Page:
HEREFORDSHIRE Council has said it is “satisfied” that Hereford Futures has provided “all of the necessary paperwork” ahead of being closed down.
In a statement this afternoon (Friday) the council says it is a matter for the Hereford Futures board to decide what happens to any other remaining paperwork.
Opposition members have called on Herefordshire Council to “freeze” all paperwork relating to the running of Hereford Futures over fears document shredding is underway.
The fears arose as the council’s cabinet agreed to close Hereford Futures down and taken on its remaining projects – including Hereford’s proposed urban village.
This morning (Friday), the It’s Our County (IOC) group asked the council’s monitoring officer and its solicitor to ensure all Hereford Futures paperwork stays untouched ahead of the transfer.
Councillor Alan Seldon, chairman of the council’s scrutiny committee, said the council statement offered “little of relevance” in not outlining what paperwork had been handed over and what may have already been destroyed.
“In the circumstances, the issue of shredding, whether or not it has gone on, should not have arisen at all,” said Cllr Seldon.
Scrutiny signed off on the shutdown of Hereford Futures last month. Cllr Seldon said allegations over shredding may see the shutdown brought back to scrutiny.
Opposition members left cabinet yesterday (Thursday) convinced that documentation relating to the running of Hereford Futures was being shredded, given a response to a question about when related paperwork was being handed over.
IOC councillor Mark Hubbard said there was now an urgent need to ascertain exactly what - if any - documentation had been destroyed and on who’s authority.
“All paperwork relating to Hereford futures, a publically funded company, needs to be frozen in place until these questions have been answered,” he said.
Hereford Futures claimed exemption from Freedom of Information. As a response to opposition challenges to this exemption, the council had offered to publish the company’s board minutes on its website – but has not done so.
Cabinet backed the closing down of Hereford Futures and the council taking on its remaining projects – including Hereford’s proposed urban village - delegating authority to the council’s Director for Economy, Communities and Corporate - in consultation with the Solicitor to the Council - to finalise and sign off the transfer.
The case put to cabinet allowed for no alternative, with members warned that a rejection of the transfer would leave the council at risk of returning assets - or their equivalent value - in line with the terms of the joint venture agreement that set Hereford Futures up and reduce the council’s regulation of the project.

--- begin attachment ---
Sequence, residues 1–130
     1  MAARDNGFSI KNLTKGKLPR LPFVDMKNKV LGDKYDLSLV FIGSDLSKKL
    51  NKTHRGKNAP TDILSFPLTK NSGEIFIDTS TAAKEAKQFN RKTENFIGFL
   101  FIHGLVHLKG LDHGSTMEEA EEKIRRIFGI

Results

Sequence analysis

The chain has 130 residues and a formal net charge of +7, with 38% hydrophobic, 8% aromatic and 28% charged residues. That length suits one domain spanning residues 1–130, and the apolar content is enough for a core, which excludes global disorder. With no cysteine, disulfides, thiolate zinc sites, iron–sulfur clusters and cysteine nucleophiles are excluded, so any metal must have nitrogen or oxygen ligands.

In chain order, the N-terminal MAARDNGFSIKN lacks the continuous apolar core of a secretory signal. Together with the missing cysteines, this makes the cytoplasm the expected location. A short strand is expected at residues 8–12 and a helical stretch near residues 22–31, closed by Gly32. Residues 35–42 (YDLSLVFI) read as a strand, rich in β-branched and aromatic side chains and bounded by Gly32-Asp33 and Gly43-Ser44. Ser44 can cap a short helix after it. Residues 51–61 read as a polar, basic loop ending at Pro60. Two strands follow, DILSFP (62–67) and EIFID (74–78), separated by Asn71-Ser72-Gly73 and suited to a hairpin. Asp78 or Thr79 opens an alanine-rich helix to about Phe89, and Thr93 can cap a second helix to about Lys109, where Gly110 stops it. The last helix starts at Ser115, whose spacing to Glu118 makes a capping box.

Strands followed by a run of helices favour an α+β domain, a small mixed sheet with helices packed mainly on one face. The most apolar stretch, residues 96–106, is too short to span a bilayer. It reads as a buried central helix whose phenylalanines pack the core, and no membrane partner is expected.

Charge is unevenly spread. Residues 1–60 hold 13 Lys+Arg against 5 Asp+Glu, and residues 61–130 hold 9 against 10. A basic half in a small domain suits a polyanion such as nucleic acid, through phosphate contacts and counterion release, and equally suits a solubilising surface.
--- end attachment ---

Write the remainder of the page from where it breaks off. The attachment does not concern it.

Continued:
With Hereford Futures shut down there will be a number of outstanding obligations which will need to be continued to ensure the operation of projects crucial to the council’s corporate plan.
There will also be ongoing financial and legal implications to continuing with the projects that need to be managed and brought back to cabinet, or cabinet members, as and when related decisions are required.
Last month, the Hereford Times reported that the council has paid out nearly £3m in financial support to Hereford Futures over the past 11 years. Support in the current financial year was shown as £355,322 reducing to £130,628 in 2014-15.
The council, through cabinet, agreed to establish Hereford Futures in 2004 as a company limited by guarantee then called ESG Herefordshire Ltd.
Hereford Futures Ltd (HFL) was guided by the terms of a joint venture agreement (JVA) entered into by the company, the council, and Advantage West Midlands (AWM), the former regional development agency, in 2008.
AWM was succeeded by the Homes & Community Agency (HCA).
Following reductions in the council’s funding agreed as part of the budget savings over the past two years, the HFL board met in February this year to agreed that all members of the company, save the Chairman and Deputy Chairman, would resign on April 25 as the company ceased operations.
Negotiations have taken place between HFL, the HCA, and the council over variations to the JVA to secure the exit of HFL from its responsibilities, and the transfer of HFL functions to the council or other arrangements directed by the council.
These negotiations identified and agreed HFL functions for transfer including the disposal of urban village and other council owned properties.
Other obligations relate to management strategy for the old market development from lettings compliance to car parking charges.
All of the existing obligations placed on Stanhope and British Land as developer and financier of the old market development will remain unchanged by the transfer.
With the obligations managed and monitored by the council’s property team, approval from Stanhope and British Land is needed to allow the release of obligations relating to the old market project.
In setting up HFL, the council agreed to underwrite any financial liabilities associated with the company pension scheme that may arise on its closure.
Worcestershire County Council, as operator of the Herefordshire Council pension scheme, has indicated that, in their view, there is “unlikely” to be any further pension liability.